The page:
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Pentagon Says No to China’s Demands to Return Downed Spy Balloon Debris

Washington has said it won’t give back to Beijing the debris of China’s downed spy balloon while a senior Chinese official has called for the remnants of the vessel to be returned.

National Security Council spokesperson John Kirby said Monday that there are no plans to return to Beijing the debris of the downed balloon, which China claims was a “civilian airship” but that U.S. officials insist was a military spycraft.

“I know of no such intention of plans to return it,” Kirby said, adding that the U.S. military has recovered some of the debris and salvage efforts continue.

“They have recovered some remnants off the surface of the sea and weather conditions did not permit much undersea surveillance of the debris field,” he said.

U.S. Navy divers will “in the coming days be able to get down there and take a better look at what’s on the bottom of the ocean, but it’s just started,” Kirby added.

On the same day that Kirby said there were no plans to return the debris to Beijing, China’s ambassador to France, Lu Shaye, said in an interview with French news channel LCI, that the remnants of the vessel should be returned to China.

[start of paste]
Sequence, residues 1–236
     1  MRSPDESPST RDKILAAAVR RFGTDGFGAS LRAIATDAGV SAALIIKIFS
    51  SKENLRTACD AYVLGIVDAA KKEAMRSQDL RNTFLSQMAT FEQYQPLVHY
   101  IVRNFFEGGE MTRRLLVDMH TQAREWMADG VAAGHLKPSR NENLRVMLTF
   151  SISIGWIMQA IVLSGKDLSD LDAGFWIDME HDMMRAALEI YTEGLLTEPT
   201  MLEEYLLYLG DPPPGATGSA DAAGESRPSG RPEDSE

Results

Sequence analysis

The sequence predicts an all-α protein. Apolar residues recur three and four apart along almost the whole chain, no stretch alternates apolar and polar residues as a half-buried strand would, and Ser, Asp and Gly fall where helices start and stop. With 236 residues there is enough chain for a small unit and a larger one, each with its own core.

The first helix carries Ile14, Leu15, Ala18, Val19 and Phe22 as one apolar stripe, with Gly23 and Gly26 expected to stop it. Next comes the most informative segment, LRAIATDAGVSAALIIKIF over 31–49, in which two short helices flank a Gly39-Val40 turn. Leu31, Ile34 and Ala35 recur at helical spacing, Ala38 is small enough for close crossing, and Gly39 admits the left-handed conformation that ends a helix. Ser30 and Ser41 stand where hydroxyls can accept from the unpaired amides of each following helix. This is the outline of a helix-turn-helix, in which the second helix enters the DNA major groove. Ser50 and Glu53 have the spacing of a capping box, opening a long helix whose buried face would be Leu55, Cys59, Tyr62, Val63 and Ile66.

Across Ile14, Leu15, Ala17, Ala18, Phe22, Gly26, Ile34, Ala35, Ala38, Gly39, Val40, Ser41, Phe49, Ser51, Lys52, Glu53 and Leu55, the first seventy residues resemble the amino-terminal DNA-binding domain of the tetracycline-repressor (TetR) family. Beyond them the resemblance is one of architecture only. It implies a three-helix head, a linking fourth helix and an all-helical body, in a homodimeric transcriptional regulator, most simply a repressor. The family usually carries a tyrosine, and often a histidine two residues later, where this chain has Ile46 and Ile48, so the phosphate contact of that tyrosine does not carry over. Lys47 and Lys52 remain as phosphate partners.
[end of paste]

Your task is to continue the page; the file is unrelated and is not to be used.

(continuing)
“If you pick up something on the street, you should return it to the owner, if you know who the owner is,” Shaye said, according to a transcript posted on the Chinese embassy’s official WeChat account on Wednesday.

Shaye added that if the United States doesn’t want to return it, “that’s their decision” but that this would amount to “dishonesty.”

His remarks represent the first time that China has officially expressed a desire to get the balloon back after it was shot down off the coast of South Carolina.

Spy Balloon Shot Down
The spy balloon was first located on Feb. 1 floating over Montana, where it loitered over sensitive areas where nuclear warheads are kept in silos.

Discovery of the balloon prompted a flurry of calls by lawmakers and others to shoot it down, with the U.S. military finally downing it on Feb. 4 off the coast of South Carolina using a single AIM-9X supersonic, heat-seeking, air-to-air missile.

The Chinese Communist Party (CCP) criticized the military strike on the object, claiming it was a “civilian airship” used for meteorological and other scientific purposes and that it had strayed into U.S. airspace “completely accidentally.”

Asked about whether China wanted the remnants of the vessel back, a spokesperson for China’s Foreign Ministry said during a press briefing Tuesday that “the airship does not belong to the U.S. It belongs to China.”

U.S. officials have flatly dismissed claims that the device was civilian, describing the balloon as a military spycraft with a device hanging from the bottom about the size of a small jet.

National security adviser Jake Sullivan said the United States would “exploit” any parts of the vessel or its payload that are recovered in order to learn more about its system.

Sullivan said that military officials wanted it to be shot down over water to “create a greater possibility that we could effectively exploit the wreckage than if it were shot down over land.”